But that’s just the beginning.

Knowing that working-class people are less likely to vote Republican than white upper-class suburbanites, Republicans also engineer polling situations so people paid by the hour will have to wait for hours in line to vote, losing out on income.

Every year, we’re treated to pictures and videos of hours-long lines to vote in Blue cities in Red states, while lines in white suburbs in those same states typically run less than 10 to 15 minutes.

Similarly, many Red states have imposed draconian penalties on people conducting voter registration drives for making even the smallest mistakes, or for failing to “properly register” themselves with the state. This has shut down many voter registration programs, including some from long-term organizations like the League of Women’s Voters.

As The Kansas Reflector newspaper noted, the penalty for even a minor, inadvertent error is now 17 months in the state prison and a $100,000 fine:

“The League of Women Voters of Kansas and other nonprofits are suspending voter registration drives for fear of criminal prosecution under a new state law.”

The League has sued FloridaTennessee, and Texas for their criminalization of voter registration drives as well.

But purging voters—by the tens of millions every election cycle—is where Republicans find their best result. As the Demos report notes:

“Between the close of registration for the 2020 general election and the close of registration for the 2022 general election, states reported removing 19,260,000 records from their voter registration rolls. This was equal to 8.5% of the total number of voters who were registered in the United States as of the close of registration for the 2022 general election.”

Additionally, 17 million voters were purged in the two years leading up to the 2018 election, fully ten percent of America’s voting population, according to the Brennan Center.

Given that the most radical purges took place among Black and youth voters in Republican-controlled Red states, those 8.5 percent and 10 percent “national averages” could well be two or three times that percentage in the states where these purges were concentrated.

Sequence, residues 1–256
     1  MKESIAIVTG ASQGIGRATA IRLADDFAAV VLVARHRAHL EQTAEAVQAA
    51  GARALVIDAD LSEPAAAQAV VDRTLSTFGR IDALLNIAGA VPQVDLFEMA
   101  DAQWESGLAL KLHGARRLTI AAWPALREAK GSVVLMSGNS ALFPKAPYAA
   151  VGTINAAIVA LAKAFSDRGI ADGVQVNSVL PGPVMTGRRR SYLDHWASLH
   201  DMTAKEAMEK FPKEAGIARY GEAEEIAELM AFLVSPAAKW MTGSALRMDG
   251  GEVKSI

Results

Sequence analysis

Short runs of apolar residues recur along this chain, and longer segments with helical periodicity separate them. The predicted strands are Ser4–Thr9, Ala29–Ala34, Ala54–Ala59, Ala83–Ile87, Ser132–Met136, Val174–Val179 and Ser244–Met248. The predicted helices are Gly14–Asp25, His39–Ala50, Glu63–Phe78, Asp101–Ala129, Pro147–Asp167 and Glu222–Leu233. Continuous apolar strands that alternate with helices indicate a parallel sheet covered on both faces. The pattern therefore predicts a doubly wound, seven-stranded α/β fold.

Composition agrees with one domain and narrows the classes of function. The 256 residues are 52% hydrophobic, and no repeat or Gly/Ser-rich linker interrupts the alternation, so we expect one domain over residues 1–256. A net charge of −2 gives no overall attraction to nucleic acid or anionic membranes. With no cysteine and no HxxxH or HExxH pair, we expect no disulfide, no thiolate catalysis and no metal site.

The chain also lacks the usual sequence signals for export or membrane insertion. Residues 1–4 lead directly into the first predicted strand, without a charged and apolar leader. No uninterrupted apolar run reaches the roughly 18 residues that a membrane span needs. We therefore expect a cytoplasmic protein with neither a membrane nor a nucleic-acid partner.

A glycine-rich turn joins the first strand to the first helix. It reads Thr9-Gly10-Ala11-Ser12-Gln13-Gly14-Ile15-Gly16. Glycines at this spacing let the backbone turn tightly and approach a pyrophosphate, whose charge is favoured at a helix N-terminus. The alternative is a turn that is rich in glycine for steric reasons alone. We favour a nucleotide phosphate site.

They added, most of the purge activity was taking place in former Confederate Red states that—before five Republicans on the Supreme Court gutted the Voting Rights Act in their 2013 Shelby County decision—had to have purges pre-cleared by the federal government:

“The median purge rate over the 2016–2018 period in jurisdictions previously subject to preclearance [Red states] was 40 percent higher than the purge rate in jurisdictions that were not covered by Section 5 of the Voting Rights Act [Blue states].”

More than a quarter of those purged during this period from 2016-2022 were removed from the rolls either because they failed to vote in the previous election or because they failed to return a postcard mailed out by a Republican secretary of state (that is usually designed to look like junk mail).

This is called “caging” and used to be illegal, but Sam Alito broke the tie and wrote the 5-4 decision in the 2018 Husted v A Phillip Randolph Institute decision when the five Republicans then on the Court ruled that Ohio Republican Secretary of State Husted could continue his practice of mailing the postcards into Ohio cities with the largest Black populations.

In his dissent, Justice Stephen Breyer pointed out that only around 4 percent of Americans move out of their county every year. Yet, he wrote:

“The record shows that in 2012 Ohio identified about 1.5 million registered voters—nearly 20% of its 8 million registered voters—as ineligible to remain on the federal voter roll because [Republican Secretary of State Husted said that] they changed their residences.”

The Brennan Center found that just between 2014 and 2016, in the two years leading up to the Hillary/Trump presidential election, over 14 million people were purged from voter rolls, largely in Republican-controlled states. Then-Secretary of State Brian Kemp purged over a million voters in Georgia alone in 2018, leading up to his 50,000-vote win that year against Stacey Abrams.

Calling the findings “disturbing,” the Brennan Center noted: